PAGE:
There is no single approach to the successful treatment of IC. The treatment must
involve a combination of various therapies and will differ for each patient. The
current treatments goal is symptom relief in IC.
You may have experienced that certain food and drinks tend to aggravate IC. You
should identify foods and beverages that will irritate the bladder and avoid taking
them. This diet modification will regulate the IC flare-ups and help in controlling
Firstly, the patient has to identify the foods that worsen the IC [Table 2] and
avoid its intake. This can be done by using the ‘elimination method’
that is, by beginning with different foods and excluding those with which the patient
has experienced symptoms.
Multivitamins such as B-complex and vitamin C are known to trigger IC. Constipation
has to be avoided to reduce exacerbations of IC symptoms. Ensure intake of fibre-rich
diet and optimum amount of fluid.
Oral treatment is mostly preferred, as it is easy to administer.
Pentosan Polysulphate Sodium
This is an FDA-approved drug for the treatment of IC. It is still uncertain how
the drug works. However, it is believed that pentosan polysulphate sodium (PPS)
repairs the defects in the bladder wall by preventing irritants from urine that
attack the bladder. Pain due to IC will not be relieved until first 2 to 4 months
after initiating therapy with PPS, and urinary frequency will require a span of
6 months to reduce. Therefore, the treatment has to be continued for an adequate
period of time to relieve the symptoms.
It is believed that patients with IC have significant amount of histamine present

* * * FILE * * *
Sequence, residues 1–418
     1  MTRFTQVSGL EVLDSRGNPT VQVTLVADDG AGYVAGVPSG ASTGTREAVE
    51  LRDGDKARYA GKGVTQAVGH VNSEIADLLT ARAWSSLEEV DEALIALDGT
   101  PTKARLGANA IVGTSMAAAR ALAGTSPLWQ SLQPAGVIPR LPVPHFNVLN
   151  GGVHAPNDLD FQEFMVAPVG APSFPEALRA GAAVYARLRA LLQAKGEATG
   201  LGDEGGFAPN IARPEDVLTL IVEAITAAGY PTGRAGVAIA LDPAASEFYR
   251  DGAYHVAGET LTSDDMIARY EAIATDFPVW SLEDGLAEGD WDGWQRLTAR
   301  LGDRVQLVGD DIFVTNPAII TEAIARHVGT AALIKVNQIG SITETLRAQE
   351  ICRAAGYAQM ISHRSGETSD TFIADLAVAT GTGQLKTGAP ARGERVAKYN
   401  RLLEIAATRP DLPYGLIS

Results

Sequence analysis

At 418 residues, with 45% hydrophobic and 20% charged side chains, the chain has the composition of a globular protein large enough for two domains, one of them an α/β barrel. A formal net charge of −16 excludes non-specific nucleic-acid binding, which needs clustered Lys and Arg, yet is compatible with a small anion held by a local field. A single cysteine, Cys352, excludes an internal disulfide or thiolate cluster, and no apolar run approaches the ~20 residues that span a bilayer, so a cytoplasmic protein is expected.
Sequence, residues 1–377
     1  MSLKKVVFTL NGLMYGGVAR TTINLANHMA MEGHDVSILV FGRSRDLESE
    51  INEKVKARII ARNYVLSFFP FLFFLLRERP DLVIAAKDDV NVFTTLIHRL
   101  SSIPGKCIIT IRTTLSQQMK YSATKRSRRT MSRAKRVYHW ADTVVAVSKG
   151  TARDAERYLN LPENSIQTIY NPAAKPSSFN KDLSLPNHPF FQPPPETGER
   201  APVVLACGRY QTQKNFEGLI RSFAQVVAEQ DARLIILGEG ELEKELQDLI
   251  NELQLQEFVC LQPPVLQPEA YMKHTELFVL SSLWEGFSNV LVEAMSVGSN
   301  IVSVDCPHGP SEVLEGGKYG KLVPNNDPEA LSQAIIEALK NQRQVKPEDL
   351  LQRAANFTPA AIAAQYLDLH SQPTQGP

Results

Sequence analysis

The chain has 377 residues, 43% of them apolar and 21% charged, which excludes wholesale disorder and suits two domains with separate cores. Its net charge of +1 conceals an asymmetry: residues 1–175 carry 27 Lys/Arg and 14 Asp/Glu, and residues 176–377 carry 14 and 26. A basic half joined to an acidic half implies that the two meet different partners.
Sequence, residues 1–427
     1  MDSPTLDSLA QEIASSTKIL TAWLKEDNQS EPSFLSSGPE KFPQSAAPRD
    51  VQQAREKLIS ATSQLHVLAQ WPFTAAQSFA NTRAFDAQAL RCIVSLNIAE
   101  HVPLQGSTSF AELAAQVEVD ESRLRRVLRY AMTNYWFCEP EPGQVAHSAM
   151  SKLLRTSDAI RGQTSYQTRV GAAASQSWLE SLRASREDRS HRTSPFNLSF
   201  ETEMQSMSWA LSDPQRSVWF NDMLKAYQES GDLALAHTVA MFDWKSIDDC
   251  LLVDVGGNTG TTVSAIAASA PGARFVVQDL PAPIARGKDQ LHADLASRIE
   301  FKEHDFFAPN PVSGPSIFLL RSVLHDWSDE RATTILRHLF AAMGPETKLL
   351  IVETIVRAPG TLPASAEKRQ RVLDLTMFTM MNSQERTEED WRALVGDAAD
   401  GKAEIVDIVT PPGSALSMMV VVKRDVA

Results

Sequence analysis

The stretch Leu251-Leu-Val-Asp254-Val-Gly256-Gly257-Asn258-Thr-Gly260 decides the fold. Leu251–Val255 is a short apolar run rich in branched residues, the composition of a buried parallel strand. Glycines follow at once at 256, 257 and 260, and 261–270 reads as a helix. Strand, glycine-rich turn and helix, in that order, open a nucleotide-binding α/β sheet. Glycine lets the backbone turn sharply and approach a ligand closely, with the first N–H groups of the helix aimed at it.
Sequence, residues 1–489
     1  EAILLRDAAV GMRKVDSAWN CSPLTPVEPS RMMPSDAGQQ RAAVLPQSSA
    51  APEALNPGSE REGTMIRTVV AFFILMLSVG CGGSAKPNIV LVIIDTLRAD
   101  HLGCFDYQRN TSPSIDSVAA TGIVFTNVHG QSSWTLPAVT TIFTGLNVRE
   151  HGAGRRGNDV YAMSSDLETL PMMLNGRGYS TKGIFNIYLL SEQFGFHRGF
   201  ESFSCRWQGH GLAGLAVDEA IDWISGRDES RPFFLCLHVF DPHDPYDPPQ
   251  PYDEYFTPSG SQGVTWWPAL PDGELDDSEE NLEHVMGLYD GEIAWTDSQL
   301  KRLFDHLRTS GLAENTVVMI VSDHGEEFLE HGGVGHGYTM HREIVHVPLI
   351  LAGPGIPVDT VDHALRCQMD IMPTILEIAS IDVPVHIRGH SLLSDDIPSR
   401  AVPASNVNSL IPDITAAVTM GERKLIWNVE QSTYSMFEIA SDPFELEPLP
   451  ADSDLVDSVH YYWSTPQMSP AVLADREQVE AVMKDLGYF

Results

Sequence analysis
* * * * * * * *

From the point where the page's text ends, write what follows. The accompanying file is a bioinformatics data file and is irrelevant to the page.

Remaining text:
in the bladder, which results in pain. Hydroxyzine is used as an antihistamine to
decrease pain. This has been proved beneficial in inducing better sleep at night.
Amitryptiline may help reduce the pain and increase the bladder capacity. The relaxation
effects on the bladder will reduce the urinary frequency. However, this drug is
not preferred because of its common side effects such as sedation and constipation.
Bladder instillations or intravesical therapies introduce the drug directly to the
bladder. This would help the drug reach the bladder at a higher dosage and a faster
pace. As the drug is not absorbed into the body, it has minimal side effects. However,
the drawback of this therapy is that the patient has to be catheterised, which may
lead to infection.
Dimethyl Sulphoxide (DMSO)
This is most common FDA-approved drug used for bladder instillation. With the help
of a catheter the drug is retained for about 15 minutes inside the bladder before
expelling out. This procedure is repeated once in a week, for a period of 6 weeks.
DMSO helps in decreasing pain and inflammation. Its main drawback is the garlic-like
odour of the breath and skin, which lasts for several hours.
Botulinum Toxin A
Botulinum toxin A (Botox) is injected intramurally into the detrusor muscle of the
bladder. This helps in reducing the pain sensations and also improves bladder muscle
strengths. Its temporary side effects such as urinary retention last till the drug
effect wears off.
Small surgical implanted devices send electrical signals to the nerves surrounding
the bladder and bladder muscles. Nonsurgical devices are also available, which can
be worn externally. These devices manage urinary functions and provide pain relief.1
The optimum pain control can be achieved only through a combination of relaxation
and medical therapies.
This can be of immense help to both the doctor and the patient, as it may help in
monitoring the success of the treatment. The number of voids (= number of times
you urinate) in a day, with the volume of urine, is noted. Factors such as excessive
water intake (>2 L/d), perspiration and climate will affect the reliability of the
Pain control is essential, as it limits the bladder from filling up. Under medical
supervision, the bladder can be retrained in pain control. This can help in increasing
the time of urine hold; however, it will be slow and short lasting.
Patients tend to gain significant awareness and control over the bladder muscles.
Hypnotherapy, pelvic floor reeducation, acupuncture and herbal supplements can be
useful in pain control.
Yoga, meditation, exercise, swimming and warm baths help in relaxation and reduction
of stress.1, 2